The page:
Thursday, October 30, 2014

Make My Week - Vogue 8469

I find it very difficult to not just have a 'wee rummage' (you would not believe the teasing I get for the use of the word 'wee' in Australia! And it seems I use it a lot without realising!) through the Vogue pattern draw when I see a 'all patterns $5' sign.


So it is already ridiculously hot here - we have already had a day of 35 degrees! I am already going on about the weather - it is going to be a long summer of whinging I suspect! In the heat sometimes a lady just needs a good maxi so she can sit like a man and let the air circulate!

I saw this fabric at the same time when I was out looking for chair fabric (no dice on that - oops bought some things for a new dress instead).

I made it into a maxi shape by just making the skirt sections as long as I could with the fabric I had. I hit on the perfect length by complete accident - whoop!

Contrast sash from left over orange and I made the tie lengths equal rather than the pattern suggestion and tie them front or back - as you can see.

I cut the 12 which was the top size in the pattern but added length to front and back shoulder straps and graded out (by eye) in the bust and in the sash. I also lengthened the bodice under the bust as well to make sure the sash sat under the ladies.

Super pleased with this. Finished it on Friday morning before school and wore it Friday and Sunday - it's so good. It's all I can do not to wear it every day. I love the fabric and colours and that even though the patterns don't match on the seams the lines at least do.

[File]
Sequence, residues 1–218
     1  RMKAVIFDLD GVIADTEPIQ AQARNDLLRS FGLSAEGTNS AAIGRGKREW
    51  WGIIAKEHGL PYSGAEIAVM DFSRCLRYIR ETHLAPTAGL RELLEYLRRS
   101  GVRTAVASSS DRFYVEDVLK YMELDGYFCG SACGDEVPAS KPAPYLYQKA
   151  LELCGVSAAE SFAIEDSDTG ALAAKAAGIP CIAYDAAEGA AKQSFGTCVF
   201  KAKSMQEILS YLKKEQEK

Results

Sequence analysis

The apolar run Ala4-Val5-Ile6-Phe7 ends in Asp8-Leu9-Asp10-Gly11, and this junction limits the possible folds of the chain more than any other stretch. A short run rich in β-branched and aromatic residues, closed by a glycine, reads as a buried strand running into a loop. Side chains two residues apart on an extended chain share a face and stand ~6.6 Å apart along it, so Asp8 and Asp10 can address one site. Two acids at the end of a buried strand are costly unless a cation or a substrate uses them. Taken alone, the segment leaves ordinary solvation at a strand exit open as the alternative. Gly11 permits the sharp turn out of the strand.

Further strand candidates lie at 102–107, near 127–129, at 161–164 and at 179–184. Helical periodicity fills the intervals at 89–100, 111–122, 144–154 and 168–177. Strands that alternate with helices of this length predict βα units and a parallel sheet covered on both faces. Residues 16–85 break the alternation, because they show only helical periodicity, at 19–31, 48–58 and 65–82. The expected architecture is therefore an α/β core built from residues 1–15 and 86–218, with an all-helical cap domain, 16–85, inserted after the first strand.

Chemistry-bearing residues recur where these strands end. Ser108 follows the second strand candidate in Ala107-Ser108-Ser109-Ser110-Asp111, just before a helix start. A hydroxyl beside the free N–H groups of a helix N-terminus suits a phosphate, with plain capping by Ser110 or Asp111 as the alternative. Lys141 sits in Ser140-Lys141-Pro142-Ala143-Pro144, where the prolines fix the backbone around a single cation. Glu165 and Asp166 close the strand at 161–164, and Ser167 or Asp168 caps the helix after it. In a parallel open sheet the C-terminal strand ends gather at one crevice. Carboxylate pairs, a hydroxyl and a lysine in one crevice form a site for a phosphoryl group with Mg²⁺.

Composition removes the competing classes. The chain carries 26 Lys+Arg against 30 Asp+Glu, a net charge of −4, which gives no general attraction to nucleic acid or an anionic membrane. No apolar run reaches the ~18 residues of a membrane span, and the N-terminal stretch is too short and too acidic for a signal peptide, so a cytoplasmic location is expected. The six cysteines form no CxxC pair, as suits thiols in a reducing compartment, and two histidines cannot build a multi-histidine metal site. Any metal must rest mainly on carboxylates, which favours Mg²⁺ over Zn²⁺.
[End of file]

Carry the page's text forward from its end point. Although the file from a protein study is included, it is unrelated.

Also yes the heat and sun is so extreme I wear my hats inside now too!! (not really, but do you like my new hat? I do.)

Joining in with the makers here:
 Show & Tell Thursday's

Maxi dresses - love them or feel swamped by them?

love you more than air circulation xxxx

Wednesday, October 29, 2014

The Best and Most Beautiful

Even if I had a hundred Christmas decorations here (we currently have 4 that we have made and no others) I still would have bought this at oxfam today.

I especially love it when Christmas decorations like nativities and angels are portrayed in the culture of the maker. Of course a Zimbabwean angel would look like this and have beautiful dark skin. Because Jesus is a gift to us all, he meets us in a way we relate to - he takes on our flesh and understands the journey we walk.

Also look at the message about who made it, it was all I could do not to cry in the store.

One mother (me) partnering with Mai Stanley (Stanley's mother) helping each other to celebrate the most wonderful gift of all.

love you more than an angel on the tree xxxx

Monday, October 27, 2014

forty three

School fun run.

These boys just ran and ran and ran - so proud of them.

They both did the most laps in their classes and I love that they pushed themselves. (I think they get that from The Atlas! Although I did say to my mama at five, "there's no point running in a race unless you know you are going to win." Now I just look for someone to talk to and walk with!)

love you more than a full drink bottle after a hot run xxx

Friday, October 24, 2014

Book Week - How to Know You Are An Optimist

So today is a little tour through the stacks of books at my place.

When I started taking photos of these stacks I thought, only an optimist would think that they will be able to read all this and keep getting more books out of the library!